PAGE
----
2008 Dodge Avenger: Stuck in the Middle With You
- February 15, 2007
- Chrysler, Dodge, On The Road: Driving Impressions
- Posted by George Peterson
- 2 Comments
We brought you coverage of the Dodge Avenger concept reveal at Paris (click here), then the production reveal in Detroit (click here). We recently had the chance to drive the Avenger around Phoenix, and now we bring you the first VehicleVoice and AutoPacific driving impressions. Avenger relies on its looks to draw buyers in and close the deal, as it settles mid-pack among its mid-size sedan competition (Ford Fusion, Pontiac G6, Saturn Aura, new-for-2008 Chevrolet Malibu, Mazda6, Kia Optima) by nearly every other measure. Inside and out, it is better than some, but not so good as others. Avenger is head and shoulders above the 2001-06MY Stratus, but Stratus had been allowed to slip into mediocrity, and Avenger competes against modern offerings instead of the past.
Competent and Entertaining, Not Inspiring
Avenger is offered in three trim levels, with three engines and two transmissions. I first drove an Avenger SXT equipped with the 173HP 2.4L I4 and then an R/T with the 235HP 3.5L V6; both offer automatic transmissions with four forward gears for the I4 and six for the V6. The SE and SXT are standard with the 2.4L I4 and R/T with the 3.5L. The SXT can be ordered with an E85-capable 2.7L V6. The SXT also offers a sport appearance package, so it can be dressed up like an R/T for less money. An R/T AWD arrives during the second quarter of 2007, but wasn’t available on this drive.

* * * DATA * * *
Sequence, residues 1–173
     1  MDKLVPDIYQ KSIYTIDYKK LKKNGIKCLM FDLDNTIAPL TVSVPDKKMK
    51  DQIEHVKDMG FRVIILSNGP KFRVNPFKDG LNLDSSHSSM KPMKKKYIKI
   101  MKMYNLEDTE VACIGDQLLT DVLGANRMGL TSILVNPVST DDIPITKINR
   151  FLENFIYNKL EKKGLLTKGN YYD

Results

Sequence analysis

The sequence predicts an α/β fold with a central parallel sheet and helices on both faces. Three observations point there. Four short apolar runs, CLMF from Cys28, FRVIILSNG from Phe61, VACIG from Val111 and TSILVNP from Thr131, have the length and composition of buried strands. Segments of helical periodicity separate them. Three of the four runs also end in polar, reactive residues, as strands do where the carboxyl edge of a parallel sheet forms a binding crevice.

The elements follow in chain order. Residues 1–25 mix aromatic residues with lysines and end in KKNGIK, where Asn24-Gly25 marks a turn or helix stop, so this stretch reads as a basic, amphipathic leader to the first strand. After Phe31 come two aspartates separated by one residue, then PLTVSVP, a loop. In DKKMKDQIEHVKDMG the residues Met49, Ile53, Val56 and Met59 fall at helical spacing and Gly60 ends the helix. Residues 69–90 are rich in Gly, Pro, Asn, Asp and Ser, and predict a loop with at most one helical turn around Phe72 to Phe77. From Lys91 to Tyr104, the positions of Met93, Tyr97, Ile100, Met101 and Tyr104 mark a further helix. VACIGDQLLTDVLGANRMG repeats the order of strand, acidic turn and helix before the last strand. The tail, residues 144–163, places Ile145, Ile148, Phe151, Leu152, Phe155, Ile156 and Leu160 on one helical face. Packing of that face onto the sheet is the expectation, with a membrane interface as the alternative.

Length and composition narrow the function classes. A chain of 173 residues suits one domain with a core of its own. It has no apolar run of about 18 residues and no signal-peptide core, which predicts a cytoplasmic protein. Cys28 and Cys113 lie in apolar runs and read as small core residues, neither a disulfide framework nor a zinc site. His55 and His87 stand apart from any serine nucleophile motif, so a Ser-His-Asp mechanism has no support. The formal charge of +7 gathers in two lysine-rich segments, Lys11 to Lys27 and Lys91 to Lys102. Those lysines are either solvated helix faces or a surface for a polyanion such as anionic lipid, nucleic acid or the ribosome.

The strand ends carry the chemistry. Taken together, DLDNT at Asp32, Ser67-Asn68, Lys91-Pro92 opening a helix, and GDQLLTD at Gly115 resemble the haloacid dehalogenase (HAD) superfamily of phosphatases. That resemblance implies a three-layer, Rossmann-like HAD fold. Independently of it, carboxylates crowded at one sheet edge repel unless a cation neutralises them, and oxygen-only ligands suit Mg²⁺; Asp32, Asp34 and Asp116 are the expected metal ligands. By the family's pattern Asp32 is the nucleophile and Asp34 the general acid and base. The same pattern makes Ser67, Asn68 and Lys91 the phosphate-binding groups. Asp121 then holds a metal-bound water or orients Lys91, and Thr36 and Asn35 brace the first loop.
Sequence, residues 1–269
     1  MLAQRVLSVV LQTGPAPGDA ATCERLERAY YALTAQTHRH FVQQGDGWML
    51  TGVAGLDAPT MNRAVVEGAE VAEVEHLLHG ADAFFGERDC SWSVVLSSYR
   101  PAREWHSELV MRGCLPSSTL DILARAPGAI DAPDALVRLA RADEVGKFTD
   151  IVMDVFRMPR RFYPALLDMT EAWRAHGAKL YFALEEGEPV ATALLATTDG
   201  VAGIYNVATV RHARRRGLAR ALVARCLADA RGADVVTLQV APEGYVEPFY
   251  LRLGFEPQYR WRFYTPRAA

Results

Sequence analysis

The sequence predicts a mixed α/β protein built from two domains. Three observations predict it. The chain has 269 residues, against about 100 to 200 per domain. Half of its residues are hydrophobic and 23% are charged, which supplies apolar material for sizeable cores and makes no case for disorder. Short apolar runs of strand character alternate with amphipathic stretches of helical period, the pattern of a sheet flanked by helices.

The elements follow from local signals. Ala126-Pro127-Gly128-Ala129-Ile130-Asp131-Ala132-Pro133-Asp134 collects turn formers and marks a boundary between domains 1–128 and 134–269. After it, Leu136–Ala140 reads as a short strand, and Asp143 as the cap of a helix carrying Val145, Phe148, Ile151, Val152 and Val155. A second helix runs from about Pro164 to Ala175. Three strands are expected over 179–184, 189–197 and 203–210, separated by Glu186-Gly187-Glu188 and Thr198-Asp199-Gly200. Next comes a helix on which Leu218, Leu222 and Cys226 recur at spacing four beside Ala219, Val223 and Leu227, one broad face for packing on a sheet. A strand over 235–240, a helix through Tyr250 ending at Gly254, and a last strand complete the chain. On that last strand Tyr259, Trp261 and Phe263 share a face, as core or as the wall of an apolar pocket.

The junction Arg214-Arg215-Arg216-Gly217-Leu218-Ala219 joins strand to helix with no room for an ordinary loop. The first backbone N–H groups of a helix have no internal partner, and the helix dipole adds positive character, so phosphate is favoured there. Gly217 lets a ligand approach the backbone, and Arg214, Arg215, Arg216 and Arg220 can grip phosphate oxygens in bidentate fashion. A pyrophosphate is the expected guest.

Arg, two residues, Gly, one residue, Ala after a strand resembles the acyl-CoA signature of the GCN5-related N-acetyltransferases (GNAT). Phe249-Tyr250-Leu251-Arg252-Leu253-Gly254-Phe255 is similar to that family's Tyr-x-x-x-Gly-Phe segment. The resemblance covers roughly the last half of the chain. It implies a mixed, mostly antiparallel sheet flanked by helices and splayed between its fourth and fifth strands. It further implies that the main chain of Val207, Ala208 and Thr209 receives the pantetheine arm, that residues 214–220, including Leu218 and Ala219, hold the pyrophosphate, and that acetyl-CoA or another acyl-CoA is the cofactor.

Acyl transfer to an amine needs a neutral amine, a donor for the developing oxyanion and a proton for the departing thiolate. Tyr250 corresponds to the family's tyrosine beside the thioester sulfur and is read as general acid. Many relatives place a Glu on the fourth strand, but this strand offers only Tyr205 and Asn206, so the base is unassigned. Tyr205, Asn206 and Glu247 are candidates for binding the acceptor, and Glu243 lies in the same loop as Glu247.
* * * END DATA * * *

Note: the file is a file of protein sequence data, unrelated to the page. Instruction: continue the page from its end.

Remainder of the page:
The 2.4L I4 uses its 173HP to move 3400 pounds, and manages the job as well as you might expect. It isn’t quick, but it gets the job done for buyers looking toward the value-for-money side of the equation. The 2.4L is also stronger than most of the competing I4 offerings, not true of the R/T’s V6. The benefit of giving up power is solid fuel economy (26/30 city/highway, even with the revised 2008 EPA math) from a nicely sized and equipped, competent sedan for just under $19,000. The 2.4L has decent mid-range response, where drivers spend the most time. Off-the-line acceleration is predictable. The combination can be noisy at full throttle, though perhaps a little less than you’d expect. Passing maneuvers should be planned, but can be accomplished.
Though the 2.4L does not get you a quick vehicle, moving to the 235HP R/T won’t have you winning all the stoplight races. It does provide a reasonable amount of power through an automatic geared to maximize acceleration at the low end, helping the Avenger feel quicker than its number indicates. This middle-of-the-road engine offers more power than the Ford Fusion and most Mazda6 models, but GM’s mid-size trio offers more power and also benefits from a six-speed automatic. The R/T doesn’t suffer from obtrusive torque steer, a challenge that higher-horsepower, front-drive vehicles have to manage. All in all, pushing the R/T is entertaining, but it is not powerful or crisp enough to inspire seriously enthusiastic driving. It is comfortable at cruising speeds and on highways.